Saturday, 8 June 2013

Afrasiab Khattak: An Unlikely Crusader

-originally published in 2000 by Pakistanlink

by S.A Hussein

A few weeks ago I had the rare opportunity to meet one of the most remarkable men from Pakistan. Though I had known him for over ten years through his lucid and incisive commentaries on social and political issues and had talked to him on the phone, I had not met him.

Afrasiab Khattak is that rare breed of Pukhtun intellectuals who having come from a feudal background, has transcended cultural, religious and social barriers to become a liberal crusader for the rights of women and minorities in Pakistan. In a patriarchal society where ancient tribal codes and narrow and often skewed interpretation of religion leave very little room for civil debate, his unabashed stand for human rights is refreshing if surprising. In these uncertain times many Pakistani liberals have either changed their stripes or have decided to remain quiet.
During the turbulent 70’s Khattak was a student leader on the campus of the University of Peshawar where he studied English literature and law. His advocacy for the legitimate rights of smaller provinces of Pakistan got him in trouble with the military rulers. He was tried for incitement and opposing the ideology of Pakistan. At the trial the prosecution could not explain the ideology that he was accused of opposing. He was sentenced and spent three years in jail.

A few years later in 1978 during General Zia-ul-Haq’s rule he was again imprisoned for opposing the military rule and spent fourteen months behind bars. Fearing for his life after his release- he was tipped off by friends in the government- he crossed the Khyber Mountains into neighboring Afghanistan. It was only after the death of General Zia in a mysterious plane crash in 1989 that he was able to return home after two years.

Over time his narrow nationalistic fervor has broadened to include the larger issues of human rights in Pakistan. These include civil rights of women and religious minorities, political rights of common citizens, restoration of democracy and organizing public forums to achieve peace with India. Khattak is following the path that was trail blazed by Asma Jahangir his predecessors as president of the Human rights Commission of Pakistan (HRC).

As president of HRC his work is cut out for him. To champion the cause of women and minorities in a society that hides behind the fa├žade of religion and traditions is not easy. The victims and their advocates, both, become the target of violence. The case of Samia Sarwar who was murdered in the office of her lawyer Hina Jilani is a good example. The lawyer barely escaped with her life.

Every year in Pakistan, according to conservative estimates, one thousand women lose their lives for refusing to abide by family’s dictate about marriage and divorce. There are 800 rapes that are reported to the police. Untold acts of violence against women go unreported. Often in rape cases the woman is thrown in jail because of her inability to produce necessary witnesses as required under the draconian Hadood Ordinance.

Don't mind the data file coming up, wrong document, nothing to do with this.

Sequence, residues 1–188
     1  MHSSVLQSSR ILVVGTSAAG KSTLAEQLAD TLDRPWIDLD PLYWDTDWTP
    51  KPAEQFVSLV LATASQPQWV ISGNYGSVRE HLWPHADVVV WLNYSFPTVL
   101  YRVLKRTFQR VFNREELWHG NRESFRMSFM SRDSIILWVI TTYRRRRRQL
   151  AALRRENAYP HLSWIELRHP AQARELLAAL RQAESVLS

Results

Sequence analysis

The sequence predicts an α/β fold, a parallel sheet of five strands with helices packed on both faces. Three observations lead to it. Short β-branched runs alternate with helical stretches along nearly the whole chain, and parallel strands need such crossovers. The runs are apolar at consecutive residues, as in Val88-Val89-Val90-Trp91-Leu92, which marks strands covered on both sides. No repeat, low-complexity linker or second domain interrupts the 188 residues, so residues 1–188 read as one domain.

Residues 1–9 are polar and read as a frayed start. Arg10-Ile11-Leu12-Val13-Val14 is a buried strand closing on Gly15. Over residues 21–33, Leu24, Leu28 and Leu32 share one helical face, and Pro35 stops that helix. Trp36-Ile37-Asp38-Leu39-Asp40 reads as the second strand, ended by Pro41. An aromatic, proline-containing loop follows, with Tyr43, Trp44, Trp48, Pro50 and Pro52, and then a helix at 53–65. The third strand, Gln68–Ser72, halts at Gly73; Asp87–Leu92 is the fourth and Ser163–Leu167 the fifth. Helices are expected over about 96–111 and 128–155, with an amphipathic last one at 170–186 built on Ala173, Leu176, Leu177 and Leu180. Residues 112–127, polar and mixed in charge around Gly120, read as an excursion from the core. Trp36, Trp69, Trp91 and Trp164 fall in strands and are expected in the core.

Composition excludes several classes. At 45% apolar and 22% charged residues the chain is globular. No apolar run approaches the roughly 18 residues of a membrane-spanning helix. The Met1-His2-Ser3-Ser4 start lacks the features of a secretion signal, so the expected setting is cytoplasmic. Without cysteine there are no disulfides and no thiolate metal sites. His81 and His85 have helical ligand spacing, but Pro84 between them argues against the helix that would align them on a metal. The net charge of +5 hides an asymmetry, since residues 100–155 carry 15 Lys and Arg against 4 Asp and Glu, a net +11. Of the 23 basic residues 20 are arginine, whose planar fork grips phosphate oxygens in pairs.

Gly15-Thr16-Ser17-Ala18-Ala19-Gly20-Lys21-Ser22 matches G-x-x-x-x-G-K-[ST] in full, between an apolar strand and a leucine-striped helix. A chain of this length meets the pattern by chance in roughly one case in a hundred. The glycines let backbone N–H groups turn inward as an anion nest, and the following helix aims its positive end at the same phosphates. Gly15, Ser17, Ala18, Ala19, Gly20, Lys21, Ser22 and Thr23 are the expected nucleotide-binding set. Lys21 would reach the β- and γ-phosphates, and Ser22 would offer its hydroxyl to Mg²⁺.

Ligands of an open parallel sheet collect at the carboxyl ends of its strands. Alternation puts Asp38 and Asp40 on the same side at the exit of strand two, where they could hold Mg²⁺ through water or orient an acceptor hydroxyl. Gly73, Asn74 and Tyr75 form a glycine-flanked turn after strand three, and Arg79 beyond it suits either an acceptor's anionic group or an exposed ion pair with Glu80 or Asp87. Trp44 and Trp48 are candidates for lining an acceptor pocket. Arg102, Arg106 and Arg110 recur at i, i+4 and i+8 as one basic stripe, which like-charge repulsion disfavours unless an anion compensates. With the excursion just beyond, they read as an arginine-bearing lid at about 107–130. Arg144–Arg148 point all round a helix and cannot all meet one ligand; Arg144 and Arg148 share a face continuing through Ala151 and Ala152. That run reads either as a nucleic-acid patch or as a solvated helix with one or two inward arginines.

The police and the courts are ambivalent toward such acts, the religious leaders look the other way and the politicians are afraid to oppose the abuses. In a stunning act of cowardice the Senate of Pakistan refused to condemn such practices last year when a resolution was presented before the now defunct body. In a shameful about face, the then Senator Javed Iqbal, son of the celebrated poet, a liberal retied justice of the Lahore High Court, refused to support the resolution. There were many others.

But Khattak is making progress. A few months ago at the annual meeting of the HRC, General Pervez Musharaf, the military Chief Executive showed up and endorsed the agenda of the Commission. Just months earlier Khattak had demanded that the General hand over power to the civilian representatives.

For his work Khattak, has been called a communist, a heathen, an enemy of Islam, a traitor to the country and an agent of the West. Untrue as they are, Mr. Khattak accepts all these attributes with good grace and a hearty laugh.

Afrasiab Khattak can disagree without being disagreeable. Two years ago we were on the opposite sides of a heated ethno-political debate about changing the name of our province of NWFP. He supported the move; I vehemently opposed it. We both used the op-ed pages of Pakistani newspapers to argue our views. Though the measure was defeated at the federal level, it made us friends.

His recent visit to Toledo was to renew contact with a onetime adversary who is now his great admirer.
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